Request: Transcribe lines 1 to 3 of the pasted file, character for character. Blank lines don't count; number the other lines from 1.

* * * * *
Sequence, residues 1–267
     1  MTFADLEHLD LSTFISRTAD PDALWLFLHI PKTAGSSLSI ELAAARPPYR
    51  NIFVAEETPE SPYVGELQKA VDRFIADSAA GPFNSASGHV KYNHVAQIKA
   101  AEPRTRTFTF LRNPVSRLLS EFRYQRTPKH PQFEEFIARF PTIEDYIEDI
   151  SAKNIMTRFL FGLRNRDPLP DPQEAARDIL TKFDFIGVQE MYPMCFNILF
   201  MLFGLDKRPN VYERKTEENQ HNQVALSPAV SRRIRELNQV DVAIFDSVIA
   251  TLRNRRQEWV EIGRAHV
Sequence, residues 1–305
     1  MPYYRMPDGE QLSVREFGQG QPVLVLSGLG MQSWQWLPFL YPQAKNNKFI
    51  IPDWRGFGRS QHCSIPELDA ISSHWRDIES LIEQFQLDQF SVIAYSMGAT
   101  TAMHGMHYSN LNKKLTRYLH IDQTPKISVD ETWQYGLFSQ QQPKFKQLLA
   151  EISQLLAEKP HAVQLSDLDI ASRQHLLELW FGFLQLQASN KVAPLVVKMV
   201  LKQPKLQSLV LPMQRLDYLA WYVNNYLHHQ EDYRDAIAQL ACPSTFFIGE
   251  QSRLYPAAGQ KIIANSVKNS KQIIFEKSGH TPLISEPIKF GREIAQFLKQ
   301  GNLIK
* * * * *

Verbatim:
Sequence, residues 1–267
     1  MTFADLEHLD LSTFISRTAD PDALWLFLHI PKTAGSSLSI ELAAARPPYR
    51  NIFVAEETPE SPYVGELQKA VDRFIADSAA GPFNSASGHV KYNHVAQIKA